“Some years back, I spent a lot of time with Diana Ross and she was telling me about touring the US in the 60s. The Supremes had six number ones, but when they pulled into town, people started firing guns at their tour bus!
“There was a particular mindset in white America, but music - more than religion, more than politics - became the catalyst for change.
“Listening to Little Richard was like being kicked in the nuts. He grabbed hold of pasty-faced, little white kids like me and said, ‘This is where the party starts! Right here, right now!’ Y’know what we were listening to before Little Richard? If I Had a Hammer. If I Had a Fucking Hammer! Hey… fuck you and your hammer!”
3. Baby Workout - Jackie Wilson
“I saw Jackie Wilson perform this on some TV show. The producer had obviously said, ‘Now, Jackie, I don’t want you to do much gyrating ’cos it’ll scare all the folks out there’. Jackie didn’t give a shit!
“He went straight into the whole histrionic song and dance routine, moving his - for want of a better word - cock like I’d never seen a man move his cock before. He moved like the whole earth was shaking underneath his feet.
“Jackie was saying, ‘Music equals sex’. He wasn’t singing about taking a girl home and reading a few passages from Canterbury Tales. And when I saw how girls reacted to Jackie, I finally understood that, hey, girls like sex, too.”
4. Friday on My Mind - The Easybeats
“This came out around the same time that I was trying to learn guitar. Up until that point, I’d been playing songs like Twist and Shout; basic songs that you could learn in a couple of hours.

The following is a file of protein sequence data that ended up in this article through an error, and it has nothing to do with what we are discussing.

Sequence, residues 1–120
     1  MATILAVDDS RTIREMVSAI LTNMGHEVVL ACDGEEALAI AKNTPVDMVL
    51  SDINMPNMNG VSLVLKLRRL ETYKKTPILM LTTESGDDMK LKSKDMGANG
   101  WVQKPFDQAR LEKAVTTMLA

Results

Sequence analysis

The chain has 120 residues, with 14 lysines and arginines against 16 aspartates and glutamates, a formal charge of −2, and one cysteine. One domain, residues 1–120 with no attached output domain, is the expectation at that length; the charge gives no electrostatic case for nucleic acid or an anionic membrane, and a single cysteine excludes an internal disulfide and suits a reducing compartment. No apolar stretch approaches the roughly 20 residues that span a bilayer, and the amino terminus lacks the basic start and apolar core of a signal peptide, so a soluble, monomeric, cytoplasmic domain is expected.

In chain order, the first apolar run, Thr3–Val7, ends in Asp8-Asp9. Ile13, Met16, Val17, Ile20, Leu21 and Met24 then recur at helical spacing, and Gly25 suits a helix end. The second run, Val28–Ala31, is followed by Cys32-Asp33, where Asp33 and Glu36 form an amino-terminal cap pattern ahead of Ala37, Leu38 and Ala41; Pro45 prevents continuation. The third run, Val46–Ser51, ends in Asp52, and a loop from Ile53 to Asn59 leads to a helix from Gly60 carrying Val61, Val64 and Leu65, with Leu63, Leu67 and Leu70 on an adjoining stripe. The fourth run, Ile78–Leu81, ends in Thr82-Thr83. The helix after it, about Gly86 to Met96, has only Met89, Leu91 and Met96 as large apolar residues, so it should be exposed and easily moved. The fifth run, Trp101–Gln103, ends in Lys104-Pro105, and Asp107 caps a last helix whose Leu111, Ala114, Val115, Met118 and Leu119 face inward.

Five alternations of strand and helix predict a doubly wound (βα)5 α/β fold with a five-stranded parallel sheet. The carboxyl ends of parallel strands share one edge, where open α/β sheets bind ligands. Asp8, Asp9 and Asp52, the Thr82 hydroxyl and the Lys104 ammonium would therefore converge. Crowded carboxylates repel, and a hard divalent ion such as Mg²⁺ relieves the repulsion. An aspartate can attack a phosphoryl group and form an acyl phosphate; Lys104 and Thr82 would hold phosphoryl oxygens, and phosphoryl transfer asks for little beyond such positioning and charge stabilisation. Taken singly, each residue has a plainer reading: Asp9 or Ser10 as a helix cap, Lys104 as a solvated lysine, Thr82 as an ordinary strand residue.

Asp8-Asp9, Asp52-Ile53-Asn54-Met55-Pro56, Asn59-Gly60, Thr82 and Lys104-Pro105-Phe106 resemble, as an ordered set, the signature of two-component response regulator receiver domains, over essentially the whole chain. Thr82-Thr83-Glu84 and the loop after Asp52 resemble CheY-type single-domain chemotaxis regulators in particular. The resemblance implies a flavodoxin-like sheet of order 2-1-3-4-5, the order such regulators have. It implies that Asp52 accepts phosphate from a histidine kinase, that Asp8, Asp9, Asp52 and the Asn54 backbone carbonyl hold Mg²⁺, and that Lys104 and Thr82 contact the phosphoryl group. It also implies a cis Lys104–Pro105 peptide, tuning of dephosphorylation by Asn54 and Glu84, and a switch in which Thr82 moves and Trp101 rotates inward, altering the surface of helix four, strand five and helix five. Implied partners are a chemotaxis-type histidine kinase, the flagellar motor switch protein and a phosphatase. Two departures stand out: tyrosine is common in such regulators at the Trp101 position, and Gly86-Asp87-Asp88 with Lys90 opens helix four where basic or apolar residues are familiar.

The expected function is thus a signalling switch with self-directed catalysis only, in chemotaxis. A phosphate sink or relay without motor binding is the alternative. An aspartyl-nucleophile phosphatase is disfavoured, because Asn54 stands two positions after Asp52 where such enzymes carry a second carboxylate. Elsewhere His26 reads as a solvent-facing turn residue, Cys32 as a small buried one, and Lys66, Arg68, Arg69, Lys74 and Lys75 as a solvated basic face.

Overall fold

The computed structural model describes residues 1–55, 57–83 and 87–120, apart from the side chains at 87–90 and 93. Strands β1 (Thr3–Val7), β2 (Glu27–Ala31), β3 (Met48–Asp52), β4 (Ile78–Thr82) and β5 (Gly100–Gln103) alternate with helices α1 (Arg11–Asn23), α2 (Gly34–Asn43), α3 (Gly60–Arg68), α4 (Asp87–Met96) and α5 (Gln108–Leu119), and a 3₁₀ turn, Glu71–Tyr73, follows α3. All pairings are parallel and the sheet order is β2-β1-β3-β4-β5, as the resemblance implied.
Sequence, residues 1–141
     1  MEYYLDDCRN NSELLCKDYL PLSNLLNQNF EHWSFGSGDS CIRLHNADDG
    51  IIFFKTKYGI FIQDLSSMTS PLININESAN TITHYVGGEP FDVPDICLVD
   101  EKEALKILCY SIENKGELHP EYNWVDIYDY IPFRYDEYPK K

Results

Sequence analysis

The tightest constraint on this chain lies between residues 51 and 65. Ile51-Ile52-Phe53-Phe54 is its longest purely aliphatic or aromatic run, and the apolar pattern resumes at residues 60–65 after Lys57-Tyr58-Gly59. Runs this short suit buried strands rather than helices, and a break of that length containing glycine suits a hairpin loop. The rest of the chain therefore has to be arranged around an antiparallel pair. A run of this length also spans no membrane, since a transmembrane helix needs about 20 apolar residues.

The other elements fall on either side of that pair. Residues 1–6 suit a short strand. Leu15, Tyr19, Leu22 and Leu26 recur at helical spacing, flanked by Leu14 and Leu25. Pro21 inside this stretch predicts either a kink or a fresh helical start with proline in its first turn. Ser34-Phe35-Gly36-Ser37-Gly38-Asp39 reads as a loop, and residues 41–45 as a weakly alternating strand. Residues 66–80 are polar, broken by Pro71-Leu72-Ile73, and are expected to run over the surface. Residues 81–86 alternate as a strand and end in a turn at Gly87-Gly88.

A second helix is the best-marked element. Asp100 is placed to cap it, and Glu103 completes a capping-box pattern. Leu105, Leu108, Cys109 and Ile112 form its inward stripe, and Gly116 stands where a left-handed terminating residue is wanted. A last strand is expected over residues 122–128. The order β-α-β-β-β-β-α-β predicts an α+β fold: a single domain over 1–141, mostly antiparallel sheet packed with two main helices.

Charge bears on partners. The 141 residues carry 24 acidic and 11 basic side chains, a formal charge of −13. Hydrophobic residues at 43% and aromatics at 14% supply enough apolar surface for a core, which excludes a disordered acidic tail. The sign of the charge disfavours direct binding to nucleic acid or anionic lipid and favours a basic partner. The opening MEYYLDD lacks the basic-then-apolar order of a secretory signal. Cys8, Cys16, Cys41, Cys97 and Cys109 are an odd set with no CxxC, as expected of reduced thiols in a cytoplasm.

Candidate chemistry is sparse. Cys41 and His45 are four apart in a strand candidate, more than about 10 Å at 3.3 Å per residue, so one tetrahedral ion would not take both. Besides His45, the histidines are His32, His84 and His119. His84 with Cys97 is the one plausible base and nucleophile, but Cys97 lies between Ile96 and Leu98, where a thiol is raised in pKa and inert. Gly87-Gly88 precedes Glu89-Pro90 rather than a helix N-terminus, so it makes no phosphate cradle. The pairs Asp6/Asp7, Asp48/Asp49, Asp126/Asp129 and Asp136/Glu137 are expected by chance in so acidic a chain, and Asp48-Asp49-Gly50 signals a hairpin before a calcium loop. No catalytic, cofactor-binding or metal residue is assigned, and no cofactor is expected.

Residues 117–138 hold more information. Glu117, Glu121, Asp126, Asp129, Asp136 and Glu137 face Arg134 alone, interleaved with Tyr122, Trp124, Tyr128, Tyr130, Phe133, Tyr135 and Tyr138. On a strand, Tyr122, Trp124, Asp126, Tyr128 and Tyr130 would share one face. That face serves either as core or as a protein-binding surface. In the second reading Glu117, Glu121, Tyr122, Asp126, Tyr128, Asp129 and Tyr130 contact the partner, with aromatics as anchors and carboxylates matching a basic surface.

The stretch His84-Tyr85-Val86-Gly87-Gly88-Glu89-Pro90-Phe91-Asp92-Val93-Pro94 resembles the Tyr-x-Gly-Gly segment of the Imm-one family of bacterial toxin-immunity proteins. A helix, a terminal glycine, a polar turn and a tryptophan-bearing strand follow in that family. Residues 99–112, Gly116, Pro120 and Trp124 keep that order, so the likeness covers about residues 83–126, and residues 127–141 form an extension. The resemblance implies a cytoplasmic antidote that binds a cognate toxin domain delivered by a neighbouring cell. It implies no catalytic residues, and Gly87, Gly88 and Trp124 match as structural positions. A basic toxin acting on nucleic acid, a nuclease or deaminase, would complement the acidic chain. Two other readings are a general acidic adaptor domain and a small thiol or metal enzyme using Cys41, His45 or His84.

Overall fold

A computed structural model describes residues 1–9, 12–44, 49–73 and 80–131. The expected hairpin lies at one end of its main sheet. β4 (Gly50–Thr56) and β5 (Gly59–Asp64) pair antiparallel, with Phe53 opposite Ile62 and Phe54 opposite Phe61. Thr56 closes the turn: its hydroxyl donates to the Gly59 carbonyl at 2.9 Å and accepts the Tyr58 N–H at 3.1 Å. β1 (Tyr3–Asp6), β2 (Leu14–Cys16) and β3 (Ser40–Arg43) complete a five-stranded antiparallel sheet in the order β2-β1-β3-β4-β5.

“Friday on My Mind came out of the radio with about 50 chords and it took me weeks to learn. It wasn’t blues, it wasn’t psychedelia… this was a guitar-heavy, almost symphonic pop-rock. But it was also a seriously beautiful song with a very simple, memorable melody.
“It was the first time I’d heard that mixture of complexity and simplicity, all wrapped up in a seven-inch single.”
5. Fire - The Crazy World of Arthur Brown
“Here’s this guy, covered in make-up, half-naked, dancing around like a lunatic. And he’s wearing a crown of flames! Even as a young kid, I felt a connection. This is cool!
“We were still seeing bands come out in three-piece suits singing love songs, but this guy comes out screaming, ‘I am the God of Hellfire’. Did Arthur Brown influence Kiss? I think so. God of Hellfire… God of Thunder. The flames, the make-up, the craziness.
“This isn’t just music; it’s Victorian opera mixed with Greek tragedy, all filmed by Hammer Horror. Oh, how I wish there were more bands like this today.”
6. Truth (album) - Jeff Beck
“What a line-up! Jeff Beck, Rod Stewart on vocals, Ron Wood on bass – Ronnie’s a much better bass player than he is a guitarist.
“There’s a rumour that Jimmy Page played on some of this, too. Even before Led Zeppelin and Cream, Beck took the blues and turned up the volume. But it wasn’t just decibels; Beck was pushing the envelope in all sorts of directions. Nuanced little jazz licks that caught you off guard… sophisticated, delicate melodies.